Educating Nurse Practitioners About Climate Change, Health, and Climate Justice

Published:November 01, 2021DOI:


      • Climate change poses unprecedented threats to human and planetary health.
      • Nurse practitioners must be prepared to care for people affected by climate change and advocate to mitigate its harms.
      • Climate change and climate justice can be woven into existing curricular content.


      Climate change poses unprecedented threats to health, leading to higher rates of heat stress; cardiopulmonary illness; food-, water-, and vector-borne diseases; adverse pregnancy outcomes; poor mental health; and premature death. These impacts are inequitably distributed, with vulnerable populations bearing the greatest burdens. Nurse practitioners must be prepared to care for people affected by climate change and to advocate for policies to mitigate its harm. To date, efforts to integrate climate change and health concepts into health professions education are lacking. This article describes one nursing school’s experience incorporating these concepts into nurse practitioner curricula.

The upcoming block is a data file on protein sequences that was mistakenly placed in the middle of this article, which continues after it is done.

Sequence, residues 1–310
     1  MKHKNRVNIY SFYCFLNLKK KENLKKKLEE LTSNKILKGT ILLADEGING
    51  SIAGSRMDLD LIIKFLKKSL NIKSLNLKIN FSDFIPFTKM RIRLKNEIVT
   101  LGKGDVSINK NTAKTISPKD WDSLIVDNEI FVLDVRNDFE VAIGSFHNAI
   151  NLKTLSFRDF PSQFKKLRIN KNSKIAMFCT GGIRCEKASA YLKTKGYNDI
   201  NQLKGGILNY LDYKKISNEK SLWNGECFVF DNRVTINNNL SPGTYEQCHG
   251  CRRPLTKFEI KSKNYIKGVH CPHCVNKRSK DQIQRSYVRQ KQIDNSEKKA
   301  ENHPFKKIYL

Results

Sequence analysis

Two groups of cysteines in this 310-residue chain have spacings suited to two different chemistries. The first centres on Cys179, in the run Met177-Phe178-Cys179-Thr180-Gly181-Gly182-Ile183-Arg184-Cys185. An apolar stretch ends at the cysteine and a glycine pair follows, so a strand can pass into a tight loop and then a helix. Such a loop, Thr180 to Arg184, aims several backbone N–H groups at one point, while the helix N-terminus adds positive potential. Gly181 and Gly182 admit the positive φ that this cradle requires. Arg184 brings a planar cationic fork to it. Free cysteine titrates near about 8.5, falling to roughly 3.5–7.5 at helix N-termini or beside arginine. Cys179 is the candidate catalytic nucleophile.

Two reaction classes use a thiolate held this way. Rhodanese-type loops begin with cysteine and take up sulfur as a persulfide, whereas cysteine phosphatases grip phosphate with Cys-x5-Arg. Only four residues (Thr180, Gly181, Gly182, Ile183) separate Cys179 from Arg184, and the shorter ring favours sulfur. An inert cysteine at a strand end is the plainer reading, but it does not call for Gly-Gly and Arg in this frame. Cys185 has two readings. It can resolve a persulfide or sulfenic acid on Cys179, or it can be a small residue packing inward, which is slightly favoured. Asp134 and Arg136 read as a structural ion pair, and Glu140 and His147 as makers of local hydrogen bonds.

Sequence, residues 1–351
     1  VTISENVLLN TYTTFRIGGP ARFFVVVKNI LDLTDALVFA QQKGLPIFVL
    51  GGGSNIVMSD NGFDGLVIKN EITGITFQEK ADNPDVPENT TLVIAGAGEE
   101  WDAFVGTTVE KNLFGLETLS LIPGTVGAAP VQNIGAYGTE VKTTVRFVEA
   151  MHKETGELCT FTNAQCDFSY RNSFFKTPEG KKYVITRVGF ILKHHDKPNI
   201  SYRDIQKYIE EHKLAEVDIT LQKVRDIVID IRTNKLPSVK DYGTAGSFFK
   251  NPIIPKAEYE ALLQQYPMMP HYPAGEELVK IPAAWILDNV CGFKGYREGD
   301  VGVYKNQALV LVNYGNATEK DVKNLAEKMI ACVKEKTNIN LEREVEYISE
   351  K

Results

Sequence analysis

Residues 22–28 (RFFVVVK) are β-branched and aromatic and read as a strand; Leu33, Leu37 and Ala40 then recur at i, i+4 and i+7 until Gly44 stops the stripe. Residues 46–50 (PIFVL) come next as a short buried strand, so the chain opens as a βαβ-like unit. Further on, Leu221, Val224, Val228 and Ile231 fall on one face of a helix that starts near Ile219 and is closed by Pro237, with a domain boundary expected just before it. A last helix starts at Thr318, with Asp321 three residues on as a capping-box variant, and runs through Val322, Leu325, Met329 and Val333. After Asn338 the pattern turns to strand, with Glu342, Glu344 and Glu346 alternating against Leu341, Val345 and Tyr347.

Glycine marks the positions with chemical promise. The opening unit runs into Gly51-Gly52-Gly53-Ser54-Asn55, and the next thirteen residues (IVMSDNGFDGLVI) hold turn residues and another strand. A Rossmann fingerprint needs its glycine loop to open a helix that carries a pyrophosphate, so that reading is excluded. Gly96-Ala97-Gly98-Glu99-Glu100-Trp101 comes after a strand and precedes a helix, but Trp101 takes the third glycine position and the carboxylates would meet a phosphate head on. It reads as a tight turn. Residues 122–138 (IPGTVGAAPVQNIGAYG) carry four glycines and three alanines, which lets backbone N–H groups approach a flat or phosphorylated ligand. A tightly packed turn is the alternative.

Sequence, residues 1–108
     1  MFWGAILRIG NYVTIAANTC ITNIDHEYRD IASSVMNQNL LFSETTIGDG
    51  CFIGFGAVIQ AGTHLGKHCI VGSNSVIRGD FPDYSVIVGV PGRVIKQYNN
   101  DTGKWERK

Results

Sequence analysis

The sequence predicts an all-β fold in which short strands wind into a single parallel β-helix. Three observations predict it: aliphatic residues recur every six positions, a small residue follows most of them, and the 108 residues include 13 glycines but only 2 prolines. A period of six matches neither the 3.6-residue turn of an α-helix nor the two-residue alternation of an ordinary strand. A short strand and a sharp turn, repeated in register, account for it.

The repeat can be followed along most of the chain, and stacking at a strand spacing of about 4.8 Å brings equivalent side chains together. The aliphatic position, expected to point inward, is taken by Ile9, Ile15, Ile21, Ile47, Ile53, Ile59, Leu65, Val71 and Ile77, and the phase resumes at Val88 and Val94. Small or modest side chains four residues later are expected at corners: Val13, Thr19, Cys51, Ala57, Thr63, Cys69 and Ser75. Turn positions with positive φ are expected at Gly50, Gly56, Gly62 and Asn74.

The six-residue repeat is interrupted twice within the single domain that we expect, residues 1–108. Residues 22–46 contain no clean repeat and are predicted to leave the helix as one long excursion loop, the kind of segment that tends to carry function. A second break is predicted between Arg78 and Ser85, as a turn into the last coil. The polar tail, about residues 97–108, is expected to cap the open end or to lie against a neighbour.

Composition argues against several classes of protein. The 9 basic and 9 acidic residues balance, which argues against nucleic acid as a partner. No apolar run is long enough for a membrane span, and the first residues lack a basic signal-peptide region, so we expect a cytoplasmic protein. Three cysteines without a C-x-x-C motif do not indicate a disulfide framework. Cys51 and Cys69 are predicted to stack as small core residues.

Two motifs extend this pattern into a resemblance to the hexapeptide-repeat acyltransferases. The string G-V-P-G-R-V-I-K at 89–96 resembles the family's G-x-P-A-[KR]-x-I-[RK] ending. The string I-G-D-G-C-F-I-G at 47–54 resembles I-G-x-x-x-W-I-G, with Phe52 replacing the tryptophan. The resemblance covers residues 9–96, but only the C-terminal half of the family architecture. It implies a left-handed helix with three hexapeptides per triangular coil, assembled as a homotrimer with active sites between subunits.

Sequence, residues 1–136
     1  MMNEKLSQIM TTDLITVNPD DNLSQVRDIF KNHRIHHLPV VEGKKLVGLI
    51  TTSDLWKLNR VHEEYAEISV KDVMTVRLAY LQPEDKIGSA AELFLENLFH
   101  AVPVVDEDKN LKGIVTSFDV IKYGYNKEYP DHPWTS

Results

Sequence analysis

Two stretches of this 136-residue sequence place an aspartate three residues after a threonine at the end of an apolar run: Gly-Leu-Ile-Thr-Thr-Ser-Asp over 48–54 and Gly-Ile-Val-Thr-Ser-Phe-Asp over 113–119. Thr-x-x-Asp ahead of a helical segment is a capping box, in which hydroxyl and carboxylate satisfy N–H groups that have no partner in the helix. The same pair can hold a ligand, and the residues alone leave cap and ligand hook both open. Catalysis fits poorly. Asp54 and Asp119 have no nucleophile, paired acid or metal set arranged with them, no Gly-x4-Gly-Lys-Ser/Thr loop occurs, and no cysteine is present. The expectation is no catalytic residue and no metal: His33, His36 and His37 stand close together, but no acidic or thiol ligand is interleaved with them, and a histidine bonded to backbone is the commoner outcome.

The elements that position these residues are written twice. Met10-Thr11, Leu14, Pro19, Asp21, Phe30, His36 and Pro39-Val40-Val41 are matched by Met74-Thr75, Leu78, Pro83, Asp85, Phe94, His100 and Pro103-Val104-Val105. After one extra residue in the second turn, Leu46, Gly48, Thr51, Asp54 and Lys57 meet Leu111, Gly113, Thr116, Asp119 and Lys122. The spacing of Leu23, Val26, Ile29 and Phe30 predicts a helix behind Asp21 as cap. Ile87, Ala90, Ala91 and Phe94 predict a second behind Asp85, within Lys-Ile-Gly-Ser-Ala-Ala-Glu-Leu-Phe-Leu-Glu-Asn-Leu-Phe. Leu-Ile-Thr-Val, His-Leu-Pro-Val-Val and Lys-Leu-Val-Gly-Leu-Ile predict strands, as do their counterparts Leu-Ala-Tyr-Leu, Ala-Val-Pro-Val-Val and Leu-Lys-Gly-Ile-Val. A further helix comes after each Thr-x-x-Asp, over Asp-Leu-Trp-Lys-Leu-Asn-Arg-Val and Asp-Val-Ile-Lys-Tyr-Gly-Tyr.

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      Katherine Simmonds, PhD, MPH, WHNP-BC, is a distinguished teaching associate professor and coordinator of the Women's Health/Gender-Related NP Track, School of Nursing, MGH Institute of Health Professions in Boston, MA, and can be contacted at [email protected]


      Suellen Breakey, PhD, RN, is a distinguished teaching associate professor and associate director at the Center for Climate Change, Climate Justice, and Health School of Nursing, MGH Institute of Health Professions.


      Patrice K. Nicholas, DNSc, MPH, NP-C, is a distinguished teaching professor and director at the Center for Climate Change, Climate Justice, and Health School of Nursing, MGH Institute of Health Professions.